Hein (fub) wrote,

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Last of the Memicans

1 -- Leave a comment, saying you want to be interviewed.
2 -- I will respond; I'll ask you five questions.
3 -- You'll update your journal with my five questions, and your five answers.
4 -- You'll include this explanation.
5 -- You'll ask other people five questions when they want to be interviewed.

These questions are from sol_nuada:

1. How did you come into contact with computers in the first place?
I think it was when I was 11. My father brought home a 'portable' (we called it 'sjouwable') computer from his work. At the time, he worked at the CQM and so he had to make lots of models and do lots of calculations. At the time, homecomputers were a rarity, and since the CQM was still a part of Philips, the computer used was a P2000C.
He bought me and my sister a floppy each and taught us BASIC. Nothing fancy, just the use of variables, the print- and input-statements and if-then-else (and, of course, the oft-villified goto-statement). It didn't interest my sister much, but I was completely smitten with the idea of programming. My dad used to bring the machine home on friday-evenings, which meant I got up early on saturday mornings and programmed on my massive BASIC-program. It was a 'conversation'-program that asked for your name and stuff, and it became larger and larger and larger.
Two years later, my dad bought a Sharp MZ731, which also included sound and a small plotter! Soon after that, I got my first computer, a Toshiba HX-10 MSX1-machine.

2. How, and why did you start your Live Journal?
At the time, I was very interested in Nobilis, a roleplaying game. The second edition had just come out, and I had made sure I got myself a copy of this beautiful book with the wonderful RPG setting.
bruceb was (when the game was still in the hands of Hogshead Publishing) the line editor, and he posted frequently on the mailing list that I was (briefly) a member of. At the bottom of his posts was a link to his LJ, and, I don't know when precisely, but I must have been bored, I clicked on it.
Enter LJ into my mindspace.
His LJ was (at the time) rather interesting to me, and I also found out that there was something like a 'friends'-page, via which I could peek into the lives of others.
It took me maybe a month to realise I wanted a Journal like that, too. At that time, the invite-code-thing was still in full effect, so I shelled out for a year of paid time -- and via that route, klik, xaviar_nl, gertvr, babarage and exar were introduced to LJ as well.

3. Looking back at your puberty, did you expect yourself to become the man you are now?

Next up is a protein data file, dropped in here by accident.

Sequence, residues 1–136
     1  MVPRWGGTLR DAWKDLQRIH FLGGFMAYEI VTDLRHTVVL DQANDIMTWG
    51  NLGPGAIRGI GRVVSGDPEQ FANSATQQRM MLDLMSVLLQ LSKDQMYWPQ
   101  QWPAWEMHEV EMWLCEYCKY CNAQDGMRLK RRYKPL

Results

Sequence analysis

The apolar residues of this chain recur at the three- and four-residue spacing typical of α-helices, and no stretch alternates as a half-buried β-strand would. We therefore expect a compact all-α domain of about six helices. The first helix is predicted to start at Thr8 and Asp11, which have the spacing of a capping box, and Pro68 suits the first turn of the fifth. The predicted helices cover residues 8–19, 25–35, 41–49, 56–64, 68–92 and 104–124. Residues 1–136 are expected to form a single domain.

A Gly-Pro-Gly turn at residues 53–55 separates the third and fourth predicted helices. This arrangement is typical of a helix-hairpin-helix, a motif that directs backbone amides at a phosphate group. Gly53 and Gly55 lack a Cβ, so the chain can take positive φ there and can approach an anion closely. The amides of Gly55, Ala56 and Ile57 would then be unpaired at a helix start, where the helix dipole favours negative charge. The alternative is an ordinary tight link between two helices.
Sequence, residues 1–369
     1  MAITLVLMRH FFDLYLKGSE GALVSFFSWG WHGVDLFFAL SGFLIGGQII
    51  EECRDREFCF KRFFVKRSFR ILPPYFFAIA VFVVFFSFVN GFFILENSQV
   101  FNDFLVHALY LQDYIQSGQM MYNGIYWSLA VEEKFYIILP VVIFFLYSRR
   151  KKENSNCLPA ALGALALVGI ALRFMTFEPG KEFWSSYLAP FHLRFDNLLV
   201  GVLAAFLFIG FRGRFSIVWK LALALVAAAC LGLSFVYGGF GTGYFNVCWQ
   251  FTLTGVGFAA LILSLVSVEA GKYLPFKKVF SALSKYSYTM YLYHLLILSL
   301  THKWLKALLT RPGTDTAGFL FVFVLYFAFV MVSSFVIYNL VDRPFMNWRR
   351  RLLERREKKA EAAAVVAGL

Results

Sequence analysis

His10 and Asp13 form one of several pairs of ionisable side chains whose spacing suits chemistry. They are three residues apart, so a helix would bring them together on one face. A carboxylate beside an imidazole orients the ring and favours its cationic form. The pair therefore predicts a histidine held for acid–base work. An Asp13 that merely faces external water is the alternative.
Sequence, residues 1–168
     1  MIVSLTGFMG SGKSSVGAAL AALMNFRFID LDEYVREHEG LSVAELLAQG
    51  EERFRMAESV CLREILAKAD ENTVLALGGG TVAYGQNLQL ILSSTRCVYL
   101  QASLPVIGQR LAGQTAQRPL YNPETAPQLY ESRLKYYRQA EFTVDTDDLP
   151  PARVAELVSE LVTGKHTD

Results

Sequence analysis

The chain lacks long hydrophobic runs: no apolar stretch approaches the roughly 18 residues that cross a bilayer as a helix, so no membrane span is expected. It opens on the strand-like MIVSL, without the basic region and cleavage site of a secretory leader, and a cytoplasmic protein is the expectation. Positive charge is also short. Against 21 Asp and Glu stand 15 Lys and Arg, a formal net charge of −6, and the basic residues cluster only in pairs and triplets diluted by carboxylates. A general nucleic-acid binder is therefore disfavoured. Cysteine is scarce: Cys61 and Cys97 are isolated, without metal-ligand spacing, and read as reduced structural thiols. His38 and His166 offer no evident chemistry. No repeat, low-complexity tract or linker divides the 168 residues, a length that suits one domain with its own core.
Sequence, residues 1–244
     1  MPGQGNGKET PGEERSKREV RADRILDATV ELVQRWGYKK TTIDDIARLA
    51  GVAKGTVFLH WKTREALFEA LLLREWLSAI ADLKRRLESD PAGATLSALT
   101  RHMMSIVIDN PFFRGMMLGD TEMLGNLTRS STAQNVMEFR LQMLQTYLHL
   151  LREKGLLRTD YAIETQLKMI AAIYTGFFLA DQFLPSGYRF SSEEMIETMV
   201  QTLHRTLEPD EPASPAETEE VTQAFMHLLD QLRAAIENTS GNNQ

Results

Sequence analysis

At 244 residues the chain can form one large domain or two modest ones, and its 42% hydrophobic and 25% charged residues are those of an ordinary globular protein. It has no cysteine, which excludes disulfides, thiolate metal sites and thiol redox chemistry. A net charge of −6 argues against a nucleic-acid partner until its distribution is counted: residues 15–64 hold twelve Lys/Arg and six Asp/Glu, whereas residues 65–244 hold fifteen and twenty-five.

I tend not to look too far ahead, and I can't think of what I thought at that time. But since I was 15, I knew I wanted to do Cognitive Science. I wanted to study that, because there was still room for Big Science and World-shattering Discoveries in that field. Needless to say, that never happened.
I've always been a geek, and I never felt the need to pretend to be a different person than I am -- so I guess I expected to always be a geek.
So, on a professional level: no. On a personal level: probably, though I doubt I imagined myself married to someone as cool as klik.

4. How did you get 'into' anime in the first place?
That's easy: Robotech. When we first got cable, a whole world opened up. We suddenly had Sky TV, that showed lots of cartoons in the morning (especially at the DJ Kat-show, with an amazingly young Linda de Mol, who got her start in TV from that very show). I used to watch it on the TV in my room before leaving for school.
But we also had Super Channel. Super Channel was all business programs throughout the week, but early in the weekends, they showed cartoons as well. (This was before morning television, before Fox Kids -- in the weekends, there was nothing on TV for kids!)
Most of the cartoons they showed was basic US cartoon-fare: GI Joe, MASK, stuff like that. But also Robotech.
Robotech was different. I fell into it at the start of the third part ('the Invid Invasion'), and I couldn't believe what I saw: this was a rather grown-up cartoon (compared to the rest of the stuff on TV). The battles were 'realistic', and when someone got shot down, they were dead. I knew Darlene was a humanoidified version of an Invid and I picked up the chemistry between her and Scott -- nothing like an American cartoon. I vividly remember watching one of the last episodes. There was a heavy battle and the team killed one of the other humanoidified Invid. When they saw the corpse, it turned out he had green blood. Mint turned to Darlene and said: "So I guess everyone who has green blood is an Invid, hey Darlene?"

Darlene had been wounded during the battle, and her blood turned out to be green.

Now that I've seen lots of anime, it just seems a bit corny and predictable, but at the time I was completely blown away with it. I also recall that the death of Roy Focker made a big impression on me.

5. You win a million pounds in the British lottery, what would you buy yourself; and what would you buy me?
For myself:
- A luxurious house;
- Furniture to put into it;
- A Ford Focus Ghia 4-door.
For you:
- I'd invite you over, and together we'd make a MAME-cabinet so that you could play your arcade favourites in style.
Thanks for these questions, I really enjoyed answering them!

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